could confuse students and encourage unproductive behaviours (Lyons et al.

It is important to motivate your students and encourage a positive attitude
towards learning whilst, providing learning experiences that cater to their
interests in order to enhance their engagement and therefore, productive
behaviour (Bohn et al. 2004, p. 270- 276; Williams 2013, p.7; Sullivan 2014, p.
45-47; McDonald 2013). Students will become disengaged when learning
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activities are too challenging or too simple therefore, teachers cater their
teaching to the vast range of needs present in their classroom (Bohn et al. 2004,
p. 277; Good & Brophy 2008; McDonald 2013, p. 108; Williams 2013, p. 6;
Sullivan 2014, p. 45-47). A variety of classroom management strategies must be
employed in order to effectively manage unproductive behaviours because a
one-size fits all approach is ineffective (Williams 2013, p. 4). Educators must
ensure that expectations are presented clearly and students may require
instructions to be repeated in order for them to understand the task (Jones 2011,
p. 113). Long periods of instruction may overload students therefore, teachers
may need to separate learning tasks into smaller parts in order to maximize
students’ engagement (Jones 2011).

Finally, educators must plan and implement learning experiences that promote
student engagement and participation in order to enhance their learning (Jones
2011, p. 91). It is useful to take note of students’ engagement in activities in
order to reflect on what worked and possible improvements to increase
productive behaviour (Williams 2013, p. 16; Bohn et al. 2004, p. 276). If an
educator is struggling to maintain ‘student attention’ then improvements must
be made because students are likely to exhibit unproductive behaviours
(McDonald 2013, p. 108-109).


Bohn and colleagues stated the importance of developing a classroom
community and appreciating each individual, by doing this educators will
encourage productive student behaviour (2004). Building a sense of community
in the classroom enables all students to feel as if they belong and are able to
contribute, meaning they are more engaged in their learning (Lyons et al. 2014,
p. 44). A nurturing learning environment means that students feel safe and are
more likely to take learning risks and exhibit productive behaviours (Sapon-
Shevin 2010, p. 22).

Many educators attempt to control their students’ behaviour in order to prevent
unproductive behaviour however, this suggests that the teacher has dominance
over their students, which ignores the importance of positive relationships and
the sense of community that should be encouraged (Sullivan et al. 2014, p. 45;
Sullivan 2017; Kohn 2006; Williams 2012, p. 7; Bohn et al. 2004, p. 280). This
approach also limits students’ ability to regulate their own behaviour, which is
ultimately the aim of establishing and maintaining an environment that
encourages productive student behaviour (Williams 2012, p. 7; Bohn 2004; Good
& Brophy 2008).

In order to develop a sense of community in the classroom educators must
encourage cooperation and be inclusive of the diversity (Bohn et al. 2004, p. 280;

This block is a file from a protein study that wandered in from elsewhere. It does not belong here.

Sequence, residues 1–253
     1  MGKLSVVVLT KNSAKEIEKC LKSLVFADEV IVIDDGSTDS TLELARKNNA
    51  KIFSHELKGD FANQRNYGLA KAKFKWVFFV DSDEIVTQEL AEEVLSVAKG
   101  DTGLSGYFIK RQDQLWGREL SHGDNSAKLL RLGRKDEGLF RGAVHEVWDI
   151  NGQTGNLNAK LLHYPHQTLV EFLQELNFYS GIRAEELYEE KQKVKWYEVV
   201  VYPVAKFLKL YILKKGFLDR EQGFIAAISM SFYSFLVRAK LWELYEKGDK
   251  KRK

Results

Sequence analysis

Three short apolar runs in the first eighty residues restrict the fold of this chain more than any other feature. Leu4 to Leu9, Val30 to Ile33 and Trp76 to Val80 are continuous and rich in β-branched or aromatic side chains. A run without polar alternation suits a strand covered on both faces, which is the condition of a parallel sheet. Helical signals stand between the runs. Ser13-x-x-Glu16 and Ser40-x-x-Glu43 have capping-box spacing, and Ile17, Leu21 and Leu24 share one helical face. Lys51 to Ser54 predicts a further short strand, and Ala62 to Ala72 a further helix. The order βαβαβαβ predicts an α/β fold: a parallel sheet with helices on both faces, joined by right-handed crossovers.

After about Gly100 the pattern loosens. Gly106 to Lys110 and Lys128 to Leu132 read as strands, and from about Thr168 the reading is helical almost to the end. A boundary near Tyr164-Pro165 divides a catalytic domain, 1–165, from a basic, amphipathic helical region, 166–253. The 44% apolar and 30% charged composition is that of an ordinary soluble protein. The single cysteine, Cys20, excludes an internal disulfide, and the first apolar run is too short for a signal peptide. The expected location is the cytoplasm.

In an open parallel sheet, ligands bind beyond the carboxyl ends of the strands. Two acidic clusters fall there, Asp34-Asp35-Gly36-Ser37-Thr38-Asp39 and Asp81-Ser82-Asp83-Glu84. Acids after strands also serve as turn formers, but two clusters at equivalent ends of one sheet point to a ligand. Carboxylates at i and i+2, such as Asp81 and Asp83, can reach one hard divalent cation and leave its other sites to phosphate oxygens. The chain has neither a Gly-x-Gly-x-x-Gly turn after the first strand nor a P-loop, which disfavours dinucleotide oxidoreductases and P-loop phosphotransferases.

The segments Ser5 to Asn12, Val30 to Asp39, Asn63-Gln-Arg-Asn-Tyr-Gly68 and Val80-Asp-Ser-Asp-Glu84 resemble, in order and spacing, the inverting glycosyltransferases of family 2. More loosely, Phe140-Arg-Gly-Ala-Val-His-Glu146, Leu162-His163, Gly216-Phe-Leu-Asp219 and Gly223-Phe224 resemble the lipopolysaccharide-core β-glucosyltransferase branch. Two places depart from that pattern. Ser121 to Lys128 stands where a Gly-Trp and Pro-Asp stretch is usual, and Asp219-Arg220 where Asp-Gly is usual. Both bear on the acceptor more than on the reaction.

Sapon- Shevin 2010). Encouraging students to make choices and fostering
‘student ownership’ is crucial because it requires students to be more engaged
and express their ideas (Bohn 2004, p. 281). Having ‘shared goals’ in a classroom
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community is also important because it requires students to work

collaboratively to reach desired outcome (Sapon-Shevin 2010, p. 23).

There are a number of important systems that teachers must consider in order
to encourage productive student behaviour. Before forming a set of rules the
teacher must help the students to understand the importance of behavioural
standards. Three to five standards have been found to be most successful
because developing too many rules can be overwhelming for students (Jones
2011, p. 93). In order to be most effective the rules must be referred back to in
order to prevent unproductive student behaviour (Jones 2011, p. 94). It is
important to structure rules using positive language rather than telling students
what not to do (Jones 2011, p. 96; McDonald 2013). Students need to be taught
which behaviours are acceptable, because some behaviours are productive in
some contexts but not in others (Jones 2011, p. 92 -95). The routines, procedures
and rules must be established early in the school year in order to ensure that
students understand what is expected of them, by doing this teachers can reduce
the likelihood of unproductive behaviours arising (Cothran et al. 2003, p. 437;
Williams 2013, p. 4-9; Jones 2011, p. 91- 92; McDonald 2013, p. 111).

Gathercoal (2004) discusses four areas for educators to address when
implementing classroom rules including: classroom and student safety, the
treatment of school property, educational aims and conflict resolution (Jones
2011, p. 96). Class discussions can ensure that students agree with and commit
to both the teacher and the other students’ expectations (Jones 2011, p. 98). It is
beneficial to involve students in the formation and implementation of rules,
procedures and consequences because it will assist the development of a sense
of community in the classroom and students are more likely to follow guidelines
that they have agreed upon (Jones 2011, p. 93). When constructing behavioural